Earlier this summer, there were rumors of a vegan superstore opening in Prague. While All Vegan Potraviny can’t exactly be categorized as such, it certainly has enough to recommend it.
Opened in late September 2013 by the same people who brought the Loving Hut chain of vegan restaurants to the Czech Republic, Vegan Potraviny also houses a small buffet where you can choose from wholesome dishes like wobbly bean curd and pumpkin, lentil and carrot stir-fry, and raw desserts. (Take away is, unforunately, served in styrofoam clamshells which to me seem out of place in a store that supports green causes!)
The tiny shop maintains the sparse appearance of a Czech potraviny, even though it lacks the classic staples of maso, máslo, mléko.
The vegans, vegetarians, and just plain healthy eaters who frequent Country Life or any of the other “bio” shops in town will be on familiar ground at Vegan Potraviny, where you can purchase a wide range of CL-branded alternative oils (hemp, coconut) for cooking, alternative sweeteners (agave, plum, and maple syrups) for baking, sacks of alternative flours (chickpea, corn, rice), and a variety of dried grains, lentils, and beans. Prices are a bit higher but many of the items comes in larger quantities, a bonus for those gluten-free Czech traditionalists in search of a 1-kg bag of pea-based breading for their soy řízky.
Still, there are some surprises in store. When asked to name the shop’s bestseller, the cashier directed me to a freezer case stocked with the Fry’s Family Kitchen line of cruelty-free vegan frozen foods. I bought a 4-pack of Spicy Asian Burgers (130 CZK) and a 4-pack of Golden Crumbed Schnitzels (130 CZK). I wouldn’t recommend the vegan burgers: sweet and spicy, and not in a good way, they also proved a bit insubstantial for the price. The schnitzels were a winner and actually tasted like veal, though I’m fairly positive that that won’t be a huge selling point for most vegans.
Fry’s hails from South Africa; another marquee product, the craft soft drink Fritz-kola, comes from Germany. Given the number of small-batch Czech beverages entering the market, I was a bit surprised that more of the local brands weren’t represented, although I did buy a True Tea Yerba Maté (34 CZK) – and always do whenever I come across them.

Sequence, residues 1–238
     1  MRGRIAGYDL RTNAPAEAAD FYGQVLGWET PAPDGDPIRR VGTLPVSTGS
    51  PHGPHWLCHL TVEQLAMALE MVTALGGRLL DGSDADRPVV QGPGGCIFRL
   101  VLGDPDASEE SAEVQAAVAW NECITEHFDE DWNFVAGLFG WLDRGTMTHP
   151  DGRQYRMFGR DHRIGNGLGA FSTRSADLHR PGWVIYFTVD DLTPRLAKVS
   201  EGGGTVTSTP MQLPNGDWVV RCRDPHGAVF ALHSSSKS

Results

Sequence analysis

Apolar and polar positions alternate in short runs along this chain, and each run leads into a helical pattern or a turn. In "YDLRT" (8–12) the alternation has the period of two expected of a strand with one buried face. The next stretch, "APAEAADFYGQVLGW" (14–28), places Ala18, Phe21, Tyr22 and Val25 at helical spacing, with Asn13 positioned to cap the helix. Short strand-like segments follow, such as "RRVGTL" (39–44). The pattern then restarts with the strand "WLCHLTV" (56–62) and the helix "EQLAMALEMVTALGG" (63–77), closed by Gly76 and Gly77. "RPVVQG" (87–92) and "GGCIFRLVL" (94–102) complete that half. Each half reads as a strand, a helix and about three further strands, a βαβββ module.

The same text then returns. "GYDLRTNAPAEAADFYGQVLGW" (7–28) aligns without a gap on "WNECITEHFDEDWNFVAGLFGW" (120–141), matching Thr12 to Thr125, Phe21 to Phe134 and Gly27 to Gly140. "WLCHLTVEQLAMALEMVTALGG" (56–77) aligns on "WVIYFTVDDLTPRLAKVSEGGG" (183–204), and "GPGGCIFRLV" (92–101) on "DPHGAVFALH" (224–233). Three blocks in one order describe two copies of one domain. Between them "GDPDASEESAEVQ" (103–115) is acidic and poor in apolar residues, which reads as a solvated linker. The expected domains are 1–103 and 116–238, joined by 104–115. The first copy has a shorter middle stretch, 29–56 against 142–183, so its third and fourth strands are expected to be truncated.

A number of other healthful Czech-made products caught my eye. Krup Si (39 CZK/package) are puffed discs of whole wheat, buckwheat, or jasmine rice the size of a 45 record. These Czech-made munchies come in sweet and savory flavors including pizza, garlic, and cinnamon. If you have a little one at home Krup Si make really nice snacks. A new Alfabio tofu with a hint of chili (25 CZK) cooked up nicely in stir-fry.
Of course, most vegans will be less interested in German soda pop and foods in burger form and more interested in finding replacements for things like dairy and eggs.
I recently started baking vegan treats for my small daughter and have yet to come across a gluten-free egg replacer beyond applesauce and bananas. Orgran egg replacer (68 CZK) did well in frittata and banana bread. Need a topping for your egg-free, gluten-free, dairy-free dessert? Soyatoo Rice Whip and Soy Whip are conveniently located on a neighboring shelf.
For those of you who like their milk minus the cow, the assortment of non-dairy “milk” drinks at Vegan Potraviny including chocolate quionoa and sweet orzo will please. Soayade organic yogurt is available in an assortment of fruity flavors (79 CZK/400 g) as is a margarine style Sojola spread (86 CZK/500 g).
But perhaps the standout vegan purchase for me was the melty “Sheese”. My biggest investment of the day was in a 270-g block of dairy-free smoked cheddar (92 CZK). Vegan Potraviny sells a number of “Sheese” products from mozzarella and gouda to cream “Sheese”. This size yielded a large amount of surprisingly creamy homemade macaroni and “sheese” (admittedly the next day’s reheat was on the crispy side.)
On a second visit to All Vegan Potraviny the shelves had thinned considerably, though I was told by the same cashier that the buffet does a great lunchtime business and is quite often sold out by noon. Regardless, Vegans and the health concious who live or work in the neighborhood will be happy with this new addition to the growing choice of places to dine and shop well in Karlín.
It does just what a good convenience store should, offering the odd item you run out of midweek and, as only a Czech vegan potraviny would, schnitzel.
Fry’s Family Kitchen Spicy Asian Burgers (130 CZK)
Fry’s Family Kitchen Golden Crumbed Schnitzels (130 CZK)
True Tea Yerba Maté (34 CZK)
Krup Si (39 CZK/package)
Alfabio tofu with a hint of chili (25 CZK)
Orgran egg replacer (68 CZK)
Smoked Cheddar Sheese (92 CK)
Soyade organic yogurt (79 CZK/400 g)
All Vegan Potraviny
Metro B/C or Tram 3 or 8 to Florenc
Mon-Fri 09:00-18:00, Sat 09:00-13:00
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